Spring Flowers That Bloom Early

While there are many choices when it comes to flowers that bloom throughout the summer, there are not as many early spring flowers. Theses first blooms of spring are prized as a bright hope at the end of winter. Actual blooming time changes with different temperature zones. When planning your landscaping or adding to it, don't ignore early spring bloomers.

Crocus

Crocuses grow from corms, which are similar to bulbs. They are one of the first spring blooms seen in the yard, with colors ranging in gold, blue, white and purple. They grow between 4 and 6 inches tall, working well in the front part of flower beds. They also are attractive in rock gardens and woodland-type gardens. It is considered a hardy plant and blooms for many years as long as temperatures don't dip below 14 degrees F. Plant crocus in the fall, as they need a chilling period during the winter months to bloom in the spring. Place the corms 4 inches apart and 5 inches deep into the ground. The sun-loving crocus is considered a drought-resistant plant, but must have water during its growing season.

Bleeding Heart

Bleeding heart is a flowering perennial. This means that it enters a dormant stage, returning with growth in warmer seasons. Bleeding heart begins its growing season in early spring, going dormant by mid-summer. This plant does well in partial shade. Blooms are visible in pink, red and white. It prefers a well-drained soil. If you have a natural clay-based soil, work compost into the area before planting. Bleeding heart grows to a height between 24 and 36 inches. Plant them 1½ to 2 feet apart.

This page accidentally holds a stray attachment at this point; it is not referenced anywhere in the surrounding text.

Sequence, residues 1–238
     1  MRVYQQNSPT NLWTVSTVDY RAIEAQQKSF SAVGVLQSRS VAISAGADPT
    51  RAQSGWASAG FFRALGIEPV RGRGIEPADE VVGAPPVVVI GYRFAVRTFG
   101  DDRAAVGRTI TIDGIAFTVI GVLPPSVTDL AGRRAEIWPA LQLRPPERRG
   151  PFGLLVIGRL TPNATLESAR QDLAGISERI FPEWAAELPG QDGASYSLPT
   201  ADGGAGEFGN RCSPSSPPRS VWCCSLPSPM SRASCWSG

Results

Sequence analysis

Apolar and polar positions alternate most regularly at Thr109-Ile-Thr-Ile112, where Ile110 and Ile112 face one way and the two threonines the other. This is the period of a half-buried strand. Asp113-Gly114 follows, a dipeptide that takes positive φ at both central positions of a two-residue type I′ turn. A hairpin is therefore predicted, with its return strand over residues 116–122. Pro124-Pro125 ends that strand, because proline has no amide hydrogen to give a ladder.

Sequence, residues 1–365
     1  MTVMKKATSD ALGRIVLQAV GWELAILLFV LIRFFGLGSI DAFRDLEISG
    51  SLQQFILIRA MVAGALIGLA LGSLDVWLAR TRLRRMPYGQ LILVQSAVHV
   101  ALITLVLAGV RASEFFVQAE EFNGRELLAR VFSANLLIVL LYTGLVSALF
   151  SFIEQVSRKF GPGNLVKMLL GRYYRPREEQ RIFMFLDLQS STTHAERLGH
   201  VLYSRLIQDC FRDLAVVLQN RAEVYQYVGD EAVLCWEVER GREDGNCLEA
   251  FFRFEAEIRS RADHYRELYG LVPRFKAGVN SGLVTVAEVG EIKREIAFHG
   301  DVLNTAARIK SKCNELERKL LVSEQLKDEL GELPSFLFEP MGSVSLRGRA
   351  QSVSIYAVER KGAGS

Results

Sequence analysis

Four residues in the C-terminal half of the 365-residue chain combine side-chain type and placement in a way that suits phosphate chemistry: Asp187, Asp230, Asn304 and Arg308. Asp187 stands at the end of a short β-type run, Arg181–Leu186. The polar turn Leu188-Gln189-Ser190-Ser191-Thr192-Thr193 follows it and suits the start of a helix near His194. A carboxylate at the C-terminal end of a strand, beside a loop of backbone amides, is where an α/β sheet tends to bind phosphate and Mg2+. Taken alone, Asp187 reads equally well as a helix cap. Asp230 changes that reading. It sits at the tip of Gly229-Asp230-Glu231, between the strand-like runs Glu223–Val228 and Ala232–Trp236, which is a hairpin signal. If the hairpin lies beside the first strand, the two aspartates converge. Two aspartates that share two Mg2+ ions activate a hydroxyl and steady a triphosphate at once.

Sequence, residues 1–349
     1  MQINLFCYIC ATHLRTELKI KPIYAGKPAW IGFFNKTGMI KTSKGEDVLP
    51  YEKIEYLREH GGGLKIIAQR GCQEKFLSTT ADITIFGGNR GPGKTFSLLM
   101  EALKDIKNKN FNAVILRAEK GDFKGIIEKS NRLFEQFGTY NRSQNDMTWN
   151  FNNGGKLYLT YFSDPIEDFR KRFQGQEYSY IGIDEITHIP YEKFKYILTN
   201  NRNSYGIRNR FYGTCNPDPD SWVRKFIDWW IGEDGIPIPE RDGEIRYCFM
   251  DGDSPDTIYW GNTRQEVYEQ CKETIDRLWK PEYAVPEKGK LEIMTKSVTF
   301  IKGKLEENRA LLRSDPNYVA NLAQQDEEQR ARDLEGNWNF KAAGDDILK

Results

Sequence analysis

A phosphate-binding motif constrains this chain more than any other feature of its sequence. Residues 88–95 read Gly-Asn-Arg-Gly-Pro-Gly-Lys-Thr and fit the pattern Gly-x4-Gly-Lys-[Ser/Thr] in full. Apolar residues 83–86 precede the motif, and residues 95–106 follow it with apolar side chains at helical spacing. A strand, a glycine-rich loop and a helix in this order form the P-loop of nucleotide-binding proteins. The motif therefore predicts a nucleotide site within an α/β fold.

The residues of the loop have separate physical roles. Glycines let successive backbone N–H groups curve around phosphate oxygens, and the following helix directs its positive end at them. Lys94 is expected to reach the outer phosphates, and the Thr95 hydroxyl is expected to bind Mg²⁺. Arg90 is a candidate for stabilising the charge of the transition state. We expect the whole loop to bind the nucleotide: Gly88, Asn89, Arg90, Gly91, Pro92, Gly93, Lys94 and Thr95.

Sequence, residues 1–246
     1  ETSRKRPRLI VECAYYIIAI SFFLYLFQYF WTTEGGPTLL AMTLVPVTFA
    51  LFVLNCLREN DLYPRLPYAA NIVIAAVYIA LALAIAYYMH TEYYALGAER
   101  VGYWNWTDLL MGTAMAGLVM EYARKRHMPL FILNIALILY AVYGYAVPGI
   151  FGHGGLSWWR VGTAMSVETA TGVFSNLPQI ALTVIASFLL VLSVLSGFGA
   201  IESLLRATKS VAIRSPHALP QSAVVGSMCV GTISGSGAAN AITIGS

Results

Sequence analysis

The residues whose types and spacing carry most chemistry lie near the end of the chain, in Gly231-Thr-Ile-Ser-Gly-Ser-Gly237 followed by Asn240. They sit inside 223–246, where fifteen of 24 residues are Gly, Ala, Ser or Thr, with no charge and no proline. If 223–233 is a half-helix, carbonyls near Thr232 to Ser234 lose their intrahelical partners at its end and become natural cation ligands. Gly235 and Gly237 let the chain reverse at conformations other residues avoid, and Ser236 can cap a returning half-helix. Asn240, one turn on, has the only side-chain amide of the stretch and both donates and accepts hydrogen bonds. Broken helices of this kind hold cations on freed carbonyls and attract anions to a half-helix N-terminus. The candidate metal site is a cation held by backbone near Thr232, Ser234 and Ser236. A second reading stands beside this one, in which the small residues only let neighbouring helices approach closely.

Lenten Rose

The Lenten rose, also known as hellebore, is an early spring perennial. This plant prefers a rich, well-drained, moist soil during its growing season, but is drought resistant when dormant. It does best in full to partial shade. The Lenten rose's mature height reaches up to 18 inches, blooming up to three months in shades of pink, purple and white. The delicate drop-cup-shape flowers are second to the evergreen leaves, which offer your landscaping rich color through the winter. Space these plants 18 to 20 inches apart. An additional benefit for rural areas is that the Lenten rose is deer resistant.

Keywords: early spring flowers, early spring blooms, spring landscaping

About this Author

Karen Ellis has been a full-time writer since 2006. She is an expert crafter, with more than 30 years of experience in knitting, chrocheting, quilting, sewing, scrapbooking and other arts. She is an expert gardener, with lifelong experience. Ellis has taken many classes in these subjects and taught classes, as well.